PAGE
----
Cyclamen hederifolium

Plants in Season

There is always a plant of interest to look out for in Scotland, whatever the season  Whether it be for its flowers, fruits, foliage or interesting shape, there is a plant for every season.

So, from garden favourites to plants in the wider environment, we will keep you up to date with what is on show in every season of the year.


Christmas House Plants

Thousands of poinsettias will have been bought for Christmas. With care, they can stay as colourful additions to a room until Easter. They have been developed from a wild species, Euphorbia pulcherrima, which grows in Mexico so they like warmth and good light – but not too much water. Ideally, place your poinsettia near a sunny window.  Do not let the plant touch the glass. As with all house plants, avoid draughts.  Water only when the compost feels dry then soak the pot. Euphorbias have a bitter white sap, so if a stem is broken take care not to get any sap in your eyes. If your poinsettia drops its leaves or wilts despite good care, it may mean it suffered cold conditions before you bought it e.g. sitting outside a shop.  Poinsettias are grown using dwarfing chemicals and special light regimes which means they are not really worth trying to keep for another Christmas.

Florists’ cyclamen are another popular winter pot plant. They were developed from Cyclamen persicum and, unlike some of the dwarf species, they are not hardy. They do not, however, like very warm rooms. Keeping them in good light in a cool, well it room or conservatory will make them last longer. They can be grown on to flower in another year. Feed while still in growth then allow the leaves to die back as they naturally become dormant as summer approaches. Only repot if the corm is filling the pot. If a cold frame is available, they can sit there – though some very fine cyclamen are grown on window sills. In autumn water and feed again.

Paperwhite narcissus

Most of the pots of bulbs which are bought as Christmas decorations are outdoor types such as hyacinths which were specially treated to advance their normal flowering time. They will flower again if planted out into the garden, but not at Christmas time.   Paperwhite narcissi are not hardy in our Scottish climate so are not worth saving.

The large flowered Hippeastrums are still usually called Amaryllis by gardeners and are definitely indoor bulbs. The size and number of flowers depends on the size of the bulbs.  The two stems on Red Lion have 12 flowers between them. The Friends of Saughton Park had an Amaryllis challenge and Sarah Bennett’s Apple Blossom was one of the entrants. The plant has not needed staking as it has been grown in good light. A heavy clay pot helps.  Some people have trouble getting them to flower in succeeding years. Remove the flowers as they fade and use liquid feed as the leaves develop. Keep well-watered and in good light as growth continues. Move to a greenhouse if available. By autumn the leaves may start to die back but even if they are still green withhold water but keep in good light to ripen the bulb. Give them around eight weeks dry and cooler. When growth restarts try replacing the top layer of compost around the neck of the bulbs. They do well in relatively small pots so only repot when they obviously need it. With plants that will be in the same pot for more than one season most growers prefer a soil-based compost such as John Innes.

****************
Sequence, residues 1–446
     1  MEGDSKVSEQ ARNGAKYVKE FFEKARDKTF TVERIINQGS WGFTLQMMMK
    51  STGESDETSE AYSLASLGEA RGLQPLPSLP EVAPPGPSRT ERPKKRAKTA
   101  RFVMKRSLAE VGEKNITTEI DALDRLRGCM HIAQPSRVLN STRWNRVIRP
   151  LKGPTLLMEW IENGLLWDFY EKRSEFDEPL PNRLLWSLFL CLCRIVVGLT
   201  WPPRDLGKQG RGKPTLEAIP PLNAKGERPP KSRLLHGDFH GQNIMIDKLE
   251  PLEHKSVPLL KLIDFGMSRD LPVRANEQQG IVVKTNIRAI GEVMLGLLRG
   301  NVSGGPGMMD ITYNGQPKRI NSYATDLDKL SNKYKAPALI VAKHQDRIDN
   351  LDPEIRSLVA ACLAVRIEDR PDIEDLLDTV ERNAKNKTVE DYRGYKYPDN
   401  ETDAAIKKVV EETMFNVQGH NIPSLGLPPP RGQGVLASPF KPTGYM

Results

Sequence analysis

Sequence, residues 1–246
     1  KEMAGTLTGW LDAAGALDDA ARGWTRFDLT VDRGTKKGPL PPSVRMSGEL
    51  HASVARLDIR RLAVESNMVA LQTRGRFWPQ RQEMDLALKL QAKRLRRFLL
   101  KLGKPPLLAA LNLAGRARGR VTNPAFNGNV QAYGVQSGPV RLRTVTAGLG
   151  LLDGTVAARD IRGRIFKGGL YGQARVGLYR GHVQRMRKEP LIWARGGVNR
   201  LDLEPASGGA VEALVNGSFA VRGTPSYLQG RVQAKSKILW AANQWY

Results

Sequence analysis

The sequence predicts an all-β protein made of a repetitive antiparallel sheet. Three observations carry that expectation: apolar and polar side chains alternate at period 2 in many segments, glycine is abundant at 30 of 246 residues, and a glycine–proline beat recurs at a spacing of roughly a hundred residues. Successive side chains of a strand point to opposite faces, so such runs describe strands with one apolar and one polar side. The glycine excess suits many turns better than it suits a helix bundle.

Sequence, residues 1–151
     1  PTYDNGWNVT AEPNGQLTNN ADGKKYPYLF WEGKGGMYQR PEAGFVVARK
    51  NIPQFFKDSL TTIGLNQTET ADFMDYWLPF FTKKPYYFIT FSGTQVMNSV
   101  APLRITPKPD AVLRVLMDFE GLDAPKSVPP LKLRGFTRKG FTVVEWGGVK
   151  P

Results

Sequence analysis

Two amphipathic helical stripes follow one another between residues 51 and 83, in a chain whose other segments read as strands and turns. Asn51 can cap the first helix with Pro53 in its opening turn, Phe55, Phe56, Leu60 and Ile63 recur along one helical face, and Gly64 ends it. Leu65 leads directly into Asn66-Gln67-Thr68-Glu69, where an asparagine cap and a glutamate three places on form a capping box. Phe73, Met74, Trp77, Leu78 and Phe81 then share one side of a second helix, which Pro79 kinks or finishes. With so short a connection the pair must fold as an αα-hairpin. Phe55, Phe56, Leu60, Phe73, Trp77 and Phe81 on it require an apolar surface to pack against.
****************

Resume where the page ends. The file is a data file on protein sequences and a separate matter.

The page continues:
All sorts of plants are sold for the Christmas market. As a general rule, flowering plants need more light than foliage plants.  Some are really outdoor plants like this little rose. It was in ornamental packing which has had to be removed to allow it to grow. Plants like this need to be in maximum light and in as cool a room as practical.

Stan da Prato
January 2021


Just Berries

You may think that your garden can be dull in the winter months, but as Anna’s pictures show, there is plenty of colour around. All of these images were taken in Anna’s Edinburgh garden at Redcroft.


Watching the blackbirds devour the red berries of Cotoneaster ‘Cornubia’ has made me look at what is left of the other berries.  Here are some recently taken photos. Unfortunately, the Sorbus ‘Pagoda’ is now stripped of berries.  Anna Buxton

Sorbus ‘Pink Pagoda’

Callicarpa bodinieri

Gaultheria mucronata ‘Bell’s Seedling’

Cotoneaster rehderi with Cotinus ‘Grace’

Pyracantha ‘Red Column’

Sorbus ‘Joseph Rock’

Cotoneaster ‘Rothchildianus’

If you would like some more inspiration for your garden in winter, pay a visit to the Caley Winter Border in Saughton Park in Edinburgh.  There is a plant to suit every space.


Autumn Bulbs

Many bulbs come from countries with hot, dry summers so they either flower in spring as winter snow melts or in autumn when rain starts them back into growth. Several crocus flower in autumn. Easily obtained types include the blue Crocus speciosus and lilac C. sativus.  Saffron used in cookery comes from the stigma of C. sativus. It takes c 50,000 flowers to produce one pound of saffron, which is why it is so expensive.   The saffron crocus has been cultivated for at least three thousand years but is unknown as a wild plant. It doesn’t come true from seed so is thought to be a mutant from another species.

There are many other crocus species which between them flower from September through to March, but some are better grown under cold glass. The alpine house in the Royal Botanic Garden Edinburgh is a good place to see them. The yellow Sternbergia lutea is sometimes sold as a crocus which it isn’t, and it can be hard to establish outside; most people grow it in a pot.

Often wrongly called autumn crocus, colchicums are usually larger with lilac or white flowers. One species, Colchicum autumnale, grows wild in a few damp meadows in Britain. It is sometime called meadow saffron which is potentially dangerous as all colchicums are poisonous. The anti-inflammatory drug Colchicine is derived from these plants but should only be used in the correct doses. Colchicum leaves are quite different from the grassy leaves of crocus and don’t appear till spring when they are easily hoed out in mistake for weeds! With any bulbs it is a good idea to label or mark their position, so you don’t dig them up when they are under the ground. Although we associate snowdrops with the end of winter, a few flower in October.

With most bulbs planting depth should be two to three times their own height so, if the bulb is one inch tall it needs to be below two or three inches of soil. There are exceptions; one being the hardy cyclamen which are in flower now. These need to be just under the soil.   They are excellent for growing in light shade under shrubs or trees. Cyclamen hederifolium– which means ivy leaved – is the one in flower now.  It used to be C. neapolitanum as it grows wild near Naples and elsewhere in the Mediterranean. Later in the winter Cyclamen coum, with rounder leaves, will start to flower. These little cyclamen have very variable but attractive leaves. Some forms have silver leaves. There are some other species such as the dainty pink C. mirabile or C. graecum with beautifully patterned leaves, but in Scotland these are better in a pot under glass. Just now garden centres are selling pots and trays of colourful cyclamen.